Richard Diebenkorn, Paintings and Drawings, 1943-1976, with essays by Robert T. Buck Jr., Linda L. Cathcart, Gerald Nordland and Maurice Tuchman, published in 1976.
Richard Diebenkorn, Beginnings, 1942-1955, with essays by Scott A. Shields, PhD, for the Richard Diebenkorn Foundation in conjunction with the Crocker Art Museum in Sacramento, published in 2017.
Reading about the early work of Richard Diebenkorn, we pick up that he holds his first solo exhibition in 1948 at the California Palace of the Legion of Honor, June 4, 1948 to July 1, 1948, but he also shows other work that same year in the San Francisco Art Association’s (SFAA) annual exhibitions. (I wouldn’t be surprised that the latter exhibits are where these painting were photographed, OTOH, June-July 1948 is what Joel scribbled on the negative box.)
Thes negatives were found in a box with images of a August Julius Pahl family get-together. August Pahl lived in the Oakland area at the time, but he equally had a business in San Francisco. So it is quite imaginable that the family visit coincided with the Diebenkorn exhibit. This would explain why the negatives ended up in the same June-July 1948 box.
I cropped and straightened out all paintings out of the negatives and I’m showing them below in the same order as scanned. I did find one of the images in color in the “Beginnings 1942-1955” book, with a clear indication it is in the Richard Diebenkorn Foundation. The latter also excludes an earlier thought that Joel photographed someone’s newly acquired abstract work.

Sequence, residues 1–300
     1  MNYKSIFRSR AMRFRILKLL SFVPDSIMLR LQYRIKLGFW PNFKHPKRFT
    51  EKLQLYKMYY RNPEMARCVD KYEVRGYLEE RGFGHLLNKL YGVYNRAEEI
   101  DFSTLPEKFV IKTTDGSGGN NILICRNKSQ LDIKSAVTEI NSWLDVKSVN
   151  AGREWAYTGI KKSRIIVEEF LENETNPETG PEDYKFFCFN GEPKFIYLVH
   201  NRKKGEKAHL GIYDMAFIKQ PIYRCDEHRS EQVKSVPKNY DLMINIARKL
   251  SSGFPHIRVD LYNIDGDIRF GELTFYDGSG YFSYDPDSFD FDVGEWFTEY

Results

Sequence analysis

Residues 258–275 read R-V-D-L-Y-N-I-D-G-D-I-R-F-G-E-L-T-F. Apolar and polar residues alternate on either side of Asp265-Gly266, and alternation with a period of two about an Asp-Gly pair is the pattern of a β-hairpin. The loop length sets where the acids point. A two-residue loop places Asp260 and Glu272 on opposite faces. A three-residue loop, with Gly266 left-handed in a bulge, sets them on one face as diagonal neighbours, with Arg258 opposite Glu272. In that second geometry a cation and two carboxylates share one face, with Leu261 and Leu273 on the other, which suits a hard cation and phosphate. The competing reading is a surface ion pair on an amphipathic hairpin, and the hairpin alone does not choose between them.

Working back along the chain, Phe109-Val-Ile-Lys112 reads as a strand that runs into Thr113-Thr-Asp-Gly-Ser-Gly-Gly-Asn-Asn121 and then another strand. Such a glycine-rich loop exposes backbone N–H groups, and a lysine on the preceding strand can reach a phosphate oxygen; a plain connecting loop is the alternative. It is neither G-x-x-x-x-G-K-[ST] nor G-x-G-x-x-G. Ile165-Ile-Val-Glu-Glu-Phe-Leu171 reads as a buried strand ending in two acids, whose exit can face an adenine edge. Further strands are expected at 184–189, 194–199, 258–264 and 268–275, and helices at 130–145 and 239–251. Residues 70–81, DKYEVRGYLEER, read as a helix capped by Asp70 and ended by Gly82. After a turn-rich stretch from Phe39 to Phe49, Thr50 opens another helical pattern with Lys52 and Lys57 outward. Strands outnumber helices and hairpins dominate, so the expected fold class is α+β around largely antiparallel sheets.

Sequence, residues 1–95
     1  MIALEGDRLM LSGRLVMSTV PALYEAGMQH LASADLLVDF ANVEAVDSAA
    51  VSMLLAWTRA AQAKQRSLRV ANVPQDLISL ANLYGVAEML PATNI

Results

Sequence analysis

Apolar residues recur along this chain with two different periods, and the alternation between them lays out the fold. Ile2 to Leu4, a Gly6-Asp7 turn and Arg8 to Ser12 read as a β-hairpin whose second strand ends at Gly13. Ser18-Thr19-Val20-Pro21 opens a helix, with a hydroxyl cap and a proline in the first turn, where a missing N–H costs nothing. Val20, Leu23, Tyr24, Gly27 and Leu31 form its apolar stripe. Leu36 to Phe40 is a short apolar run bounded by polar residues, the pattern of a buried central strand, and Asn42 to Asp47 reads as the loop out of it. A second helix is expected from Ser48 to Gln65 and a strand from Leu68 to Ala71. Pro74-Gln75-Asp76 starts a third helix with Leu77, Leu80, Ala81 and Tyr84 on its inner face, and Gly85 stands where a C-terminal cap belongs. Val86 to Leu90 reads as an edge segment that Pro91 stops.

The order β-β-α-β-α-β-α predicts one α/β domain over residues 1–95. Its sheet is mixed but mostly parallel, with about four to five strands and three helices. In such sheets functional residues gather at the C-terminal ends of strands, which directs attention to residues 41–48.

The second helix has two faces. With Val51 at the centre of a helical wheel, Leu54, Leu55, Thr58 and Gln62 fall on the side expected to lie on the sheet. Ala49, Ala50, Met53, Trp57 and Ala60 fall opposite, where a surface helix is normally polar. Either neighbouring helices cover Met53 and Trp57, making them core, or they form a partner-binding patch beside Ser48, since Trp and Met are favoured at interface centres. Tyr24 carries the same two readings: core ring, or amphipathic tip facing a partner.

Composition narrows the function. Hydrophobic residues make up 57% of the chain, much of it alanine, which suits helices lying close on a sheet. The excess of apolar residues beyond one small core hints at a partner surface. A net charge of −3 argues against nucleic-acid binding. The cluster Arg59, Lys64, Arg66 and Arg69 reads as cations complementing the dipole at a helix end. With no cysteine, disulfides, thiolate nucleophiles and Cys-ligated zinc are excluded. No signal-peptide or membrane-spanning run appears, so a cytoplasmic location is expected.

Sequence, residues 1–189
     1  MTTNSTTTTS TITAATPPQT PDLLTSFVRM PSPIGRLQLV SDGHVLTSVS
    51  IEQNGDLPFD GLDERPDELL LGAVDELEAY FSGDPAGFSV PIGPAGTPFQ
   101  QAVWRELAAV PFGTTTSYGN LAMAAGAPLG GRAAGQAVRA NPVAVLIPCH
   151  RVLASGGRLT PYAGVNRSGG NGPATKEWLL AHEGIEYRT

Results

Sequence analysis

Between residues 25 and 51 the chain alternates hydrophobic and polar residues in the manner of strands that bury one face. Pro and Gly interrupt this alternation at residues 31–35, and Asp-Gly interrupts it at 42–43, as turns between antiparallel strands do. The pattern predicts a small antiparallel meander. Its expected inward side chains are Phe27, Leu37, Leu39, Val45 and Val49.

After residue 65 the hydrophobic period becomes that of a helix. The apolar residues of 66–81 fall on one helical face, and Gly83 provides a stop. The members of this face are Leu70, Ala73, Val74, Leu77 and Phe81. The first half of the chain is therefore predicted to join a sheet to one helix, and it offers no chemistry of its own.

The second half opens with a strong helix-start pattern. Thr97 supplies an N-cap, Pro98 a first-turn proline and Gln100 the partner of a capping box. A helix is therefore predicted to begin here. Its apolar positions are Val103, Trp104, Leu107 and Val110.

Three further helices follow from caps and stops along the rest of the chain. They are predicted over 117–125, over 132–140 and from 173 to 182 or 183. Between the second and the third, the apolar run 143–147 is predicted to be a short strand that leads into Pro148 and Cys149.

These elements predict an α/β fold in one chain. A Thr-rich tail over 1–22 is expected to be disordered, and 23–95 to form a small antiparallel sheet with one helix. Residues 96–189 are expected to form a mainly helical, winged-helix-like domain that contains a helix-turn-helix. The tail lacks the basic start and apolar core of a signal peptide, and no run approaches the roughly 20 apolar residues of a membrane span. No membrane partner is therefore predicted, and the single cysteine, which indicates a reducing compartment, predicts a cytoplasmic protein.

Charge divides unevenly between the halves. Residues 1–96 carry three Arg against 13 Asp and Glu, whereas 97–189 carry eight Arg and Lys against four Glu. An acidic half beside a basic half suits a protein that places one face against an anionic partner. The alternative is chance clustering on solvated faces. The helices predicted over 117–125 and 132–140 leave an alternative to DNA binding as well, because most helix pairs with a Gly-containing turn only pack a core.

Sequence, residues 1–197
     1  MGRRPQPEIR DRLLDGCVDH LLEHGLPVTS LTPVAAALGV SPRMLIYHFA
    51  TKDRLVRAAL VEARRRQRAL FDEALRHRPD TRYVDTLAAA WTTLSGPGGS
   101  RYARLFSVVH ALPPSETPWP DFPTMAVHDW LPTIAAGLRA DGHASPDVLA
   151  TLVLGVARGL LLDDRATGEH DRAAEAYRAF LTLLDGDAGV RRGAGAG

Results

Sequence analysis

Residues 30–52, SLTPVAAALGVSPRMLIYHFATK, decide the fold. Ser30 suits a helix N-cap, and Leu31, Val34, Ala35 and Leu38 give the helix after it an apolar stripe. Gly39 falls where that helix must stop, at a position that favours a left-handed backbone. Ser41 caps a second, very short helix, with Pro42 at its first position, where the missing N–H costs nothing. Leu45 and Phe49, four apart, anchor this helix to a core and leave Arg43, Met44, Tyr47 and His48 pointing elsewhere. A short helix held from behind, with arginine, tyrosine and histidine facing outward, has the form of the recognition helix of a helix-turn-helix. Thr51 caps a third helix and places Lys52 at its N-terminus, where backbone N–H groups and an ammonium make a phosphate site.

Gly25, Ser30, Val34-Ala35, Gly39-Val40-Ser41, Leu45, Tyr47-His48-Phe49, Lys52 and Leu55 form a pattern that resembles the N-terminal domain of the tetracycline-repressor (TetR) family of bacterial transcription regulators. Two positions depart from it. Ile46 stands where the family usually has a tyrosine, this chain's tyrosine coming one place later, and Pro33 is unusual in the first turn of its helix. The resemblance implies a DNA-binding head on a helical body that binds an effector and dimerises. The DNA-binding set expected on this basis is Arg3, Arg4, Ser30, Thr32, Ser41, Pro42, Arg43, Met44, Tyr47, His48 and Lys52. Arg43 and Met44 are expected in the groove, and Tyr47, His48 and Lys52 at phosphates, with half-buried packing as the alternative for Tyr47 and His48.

The other images were not found online, or in any of the books or articles I have, and unfortunately, I don’t have the Catalogue Raisonné for RIchard DIebenkorn (by Jane Livingston) ($400 for 4 volumes … hint, hint, hint … )
I will share below images with the Richard Diebenkorn Foundation and see what feedback I receive. EDIT: Feedback received and the corrections are applied below.
I’ve searched online for this image and it is relatively easy to find on a number of sites. It is in the Richard Diebenkorn Foundation collection and I’ll reproduce with proper credit below. This gives the reader an appreciation for the color and how difficult it is to translate B&W back to color when it comes to abstract paintings as there is no real-life reference. Even white and black become questionable as hues.
The last painting’s signature, shown below, clearly puts it into 1948.
Any comment or input is as always appreciated, there’s some speculation in all of the above.
I didn’t find a single Kodachrome in Joel’s estate from this exhibition event, so there may not exist a color copy of any of the above.
The image below was retrieved on-line, and, after some research, appears to be property of the RIchard Diebenkorn Foundation. it shows Richard’s first solo exhibit in the San Francisco Palace of the Legion of Honor. It’s clearly an indoor exhibit, observe how the frames on the exhibited paintings are similar to the frames of the paintings reproduced in this blog post.
For those interested in learning more about Richard Diebenkorn, please visit:
Communication with the RIchard Diebenkorn Foundation for full transparency.